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Journal Article

Efficient Probabilistic Reanalysis and Optimization of a Discrete Event System

This paper presents a methodology to evaluate and optimize discrete event systems, such as an assembly line or a call center. First, the methodology estimates the performance of a system for a single probability distribution of the inputs. Probabilistic Reanalysis (PRRA) uses this information to evaluate the effect of changes in the system configuration on its performance. PRRA is integrated with a program to optimize the system. The proposed methodology is dramatically more efficient than one requiring a new Monte Carlo simulation each time we change the system. We demonstrate the approach on a drilling center and an electronic parts factory.
Journal Article

Managing the Computational Cost of Monte Carlo Simulation with Importance Sampling by Considering the Value of Information

Importance Sampling is a popular method for reliability assessment. Although it is significantly more efficient than standard Monte Carlo simulation if a suitable sampling distribution is used, in many design problems it is too expensive. The authors have previously proposed a method to manage the computational cost in standard Monte Carlo simulation that views design as a choice among alternatives with uncertain reliabilities. Information from simulation has value only if it helps the designer make a better choice among the alternatives. This paper extends their method to Importance Sampling. First, the designer estimates the prior probability density functions of the reliabilities of the alternative designs and calculates the expected utility of the choice of the best design. Subsequently, the designer estimates the likelihood function of the probability of failure by performing an initial simulation with Importance Sampling.
Technical Paper

Modeling Dependence and Assessing the Effect of Uncertainty in Dependence in Probabilistic Analysis and Decision Under Uncertainty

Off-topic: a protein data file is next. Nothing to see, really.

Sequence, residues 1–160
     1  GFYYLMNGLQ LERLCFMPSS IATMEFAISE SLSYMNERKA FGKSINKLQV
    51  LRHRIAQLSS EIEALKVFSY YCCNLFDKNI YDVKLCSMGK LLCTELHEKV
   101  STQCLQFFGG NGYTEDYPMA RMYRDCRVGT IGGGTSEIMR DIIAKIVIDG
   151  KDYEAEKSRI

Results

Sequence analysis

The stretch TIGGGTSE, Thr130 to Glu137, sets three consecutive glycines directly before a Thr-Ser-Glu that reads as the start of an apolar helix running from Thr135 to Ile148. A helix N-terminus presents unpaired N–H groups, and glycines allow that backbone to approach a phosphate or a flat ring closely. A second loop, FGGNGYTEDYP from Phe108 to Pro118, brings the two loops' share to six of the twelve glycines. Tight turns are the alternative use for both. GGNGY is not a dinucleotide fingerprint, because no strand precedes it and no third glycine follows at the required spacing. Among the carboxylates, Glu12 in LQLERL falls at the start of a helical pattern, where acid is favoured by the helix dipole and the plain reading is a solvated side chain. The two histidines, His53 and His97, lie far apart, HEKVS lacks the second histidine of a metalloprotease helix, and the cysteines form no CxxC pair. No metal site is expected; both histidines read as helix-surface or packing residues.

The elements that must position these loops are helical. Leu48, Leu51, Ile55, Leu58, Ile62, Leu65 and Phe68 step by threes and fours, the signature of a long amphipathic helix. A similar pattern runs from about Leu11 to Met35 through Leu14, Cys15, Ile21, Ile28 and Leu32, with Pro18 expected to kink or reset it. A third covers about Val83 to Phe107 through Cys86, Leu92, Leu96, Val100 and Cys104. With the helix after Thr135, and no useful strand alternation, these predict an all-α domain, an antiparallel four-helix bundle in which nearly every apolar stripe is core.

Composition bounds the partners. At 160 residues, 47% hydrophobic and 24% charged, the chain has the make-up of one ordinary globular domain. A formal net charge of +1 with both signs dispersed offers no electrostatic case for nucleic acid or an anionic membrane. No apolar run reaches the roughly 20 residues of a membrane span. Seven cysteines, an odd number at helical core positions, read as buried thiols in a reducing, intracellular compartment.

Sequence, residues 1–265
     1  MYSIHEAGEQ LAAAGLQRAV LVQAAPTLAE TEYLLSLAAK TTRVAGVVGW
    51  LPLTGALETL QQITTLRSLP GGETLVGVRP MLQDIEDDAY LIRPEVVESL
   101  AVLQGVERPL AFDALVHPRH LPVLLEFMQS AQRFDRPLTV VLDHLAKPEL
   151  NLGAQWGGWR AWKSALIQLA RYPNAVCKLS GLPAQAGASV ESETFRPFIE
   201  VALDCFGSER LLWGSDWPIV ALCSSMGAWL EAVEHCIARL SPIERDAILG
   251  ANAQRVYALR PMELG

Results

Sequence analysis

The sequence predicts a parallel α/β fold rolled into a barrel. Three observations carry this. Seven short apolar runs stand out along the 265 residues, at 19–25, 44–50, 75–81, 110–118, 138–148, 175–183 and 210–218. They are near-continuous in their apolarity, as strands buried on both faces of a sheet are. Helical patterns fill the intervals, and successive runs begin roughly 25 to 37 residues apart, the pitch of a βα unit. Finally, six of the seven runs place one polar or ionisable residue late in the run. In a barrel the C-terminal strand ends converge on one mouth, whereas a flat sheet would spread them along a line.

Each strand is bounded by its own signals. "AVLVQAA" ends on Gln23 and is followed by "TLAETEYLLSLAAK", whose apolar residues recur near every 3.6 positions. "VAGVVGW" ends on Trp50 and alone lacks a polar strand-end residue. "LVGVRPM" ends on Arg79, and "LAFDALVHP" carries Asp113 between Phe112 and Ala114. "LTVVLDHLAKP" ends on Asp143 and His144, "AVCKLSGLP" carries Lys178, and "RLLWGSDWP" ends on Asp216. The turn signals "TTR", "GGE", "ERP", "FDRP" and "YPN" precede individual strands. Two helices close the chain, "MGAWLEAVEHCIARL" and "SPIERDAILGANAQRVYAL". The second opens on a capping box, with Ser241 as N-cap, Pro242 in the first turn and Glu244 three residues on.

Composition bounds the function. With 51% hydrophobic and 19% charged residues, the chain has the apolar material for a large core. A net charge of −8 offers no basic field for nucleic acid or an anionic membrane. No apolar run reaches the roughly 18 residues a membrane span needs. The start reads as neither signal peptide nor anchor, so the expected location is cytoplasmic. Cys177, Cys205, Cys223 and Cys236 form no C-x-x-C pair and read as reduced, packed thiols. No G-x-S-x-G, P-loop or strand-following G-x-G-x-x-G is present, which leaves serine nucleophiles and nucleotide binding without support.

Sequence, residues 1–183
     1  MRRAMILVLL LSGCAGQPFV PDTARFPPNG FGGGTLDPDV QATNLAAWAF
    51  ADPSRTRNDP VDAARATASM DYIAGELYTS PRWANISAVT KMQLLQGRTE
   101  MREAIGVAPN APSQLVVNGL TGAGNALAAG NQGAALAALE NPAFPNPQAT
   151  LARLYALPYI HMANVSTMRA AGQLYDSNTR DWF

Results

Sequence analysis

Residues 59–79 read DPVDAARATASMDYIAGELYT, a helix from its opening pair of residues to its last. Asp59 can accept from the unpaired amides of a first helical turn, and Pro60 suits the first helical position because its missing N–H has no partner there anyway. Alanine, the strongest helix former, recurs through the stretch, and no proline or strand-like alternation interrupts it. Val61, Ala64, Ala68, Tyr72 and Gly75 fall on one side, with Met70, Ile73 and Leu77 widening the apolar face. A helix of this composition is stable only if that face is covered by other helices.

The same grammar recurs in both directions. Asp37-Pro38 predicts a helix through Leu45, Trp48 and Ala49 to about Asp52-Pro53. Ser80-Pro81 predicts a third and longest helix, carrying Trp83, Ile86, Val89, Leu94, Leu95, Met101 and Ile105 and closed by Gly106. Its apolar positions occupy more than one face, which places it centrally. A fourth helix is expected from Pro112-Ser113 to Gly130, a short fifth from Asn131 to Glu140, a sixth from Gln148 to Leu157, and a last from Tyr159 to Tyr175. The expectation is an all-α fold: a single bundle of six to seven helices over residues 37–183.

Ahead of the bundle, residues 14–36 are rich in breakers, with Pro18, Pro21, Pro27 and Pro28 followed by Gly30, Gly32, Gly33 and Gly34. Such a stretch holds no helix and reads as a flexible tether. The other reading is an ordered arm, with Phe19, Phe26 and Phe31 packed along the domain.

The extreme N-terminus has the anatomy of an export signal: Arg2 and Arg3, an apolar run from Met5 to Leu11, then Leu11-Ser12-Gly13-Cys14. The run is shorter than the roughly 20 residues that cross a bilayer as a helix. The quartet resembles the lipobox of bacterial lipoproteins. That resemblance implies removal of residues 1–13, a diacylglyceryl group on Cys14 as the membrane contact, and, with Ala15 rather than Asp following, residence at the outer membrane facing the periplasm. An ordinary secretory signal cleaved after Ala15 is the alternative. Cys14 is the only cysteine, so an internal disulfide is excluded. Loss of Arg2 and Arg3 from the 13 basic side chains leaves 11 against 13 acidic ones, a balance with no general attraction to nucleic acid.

A complete probabilistic model of uncertainty in probabilistic analysis and design problems is the joint probability distribution of the random variables. Often, it is impractical to estimate this joint probability distribution because the mechanism of the dependence of the variables is not completely understood. This paper proposes modeling dependence by using copulas and demonstrates their representational power. It also compares this representation with a Monte-Carlo simulation using dispersive sampling.
Journal Article

Estimation of High-Cycle Fatigue Life by using Re-analysis

In design of real-life systems, such as the suspension of a car, an offshore platform or a wind turbine, there are significant uncertainties in the model of the inputs. For example, scarcity of data leads to inaccuracies in the power spectral density function of the waves and the probability distribution of the wind speed. Therefore, it is necessary to evaluate the performance and safety of a system for different probability distributions. This is computationally expensive or even impractical. This paper presents a methodology to assess efficiently the fatigue life of structures for different power spectra of the applied loads. We accomplish that by reweighting the incremental damage calculated in one simulation. We demonstrate the accuracy and efficiency of the proposed method on an example which involves a nonlinear quarter car under a random dynamic load. The fatigue life of the suspension spring under loads generated by a sampling spectrum is calculated.
Journal Article

Probability of Failure of Dynamic Systems by Importance Sampling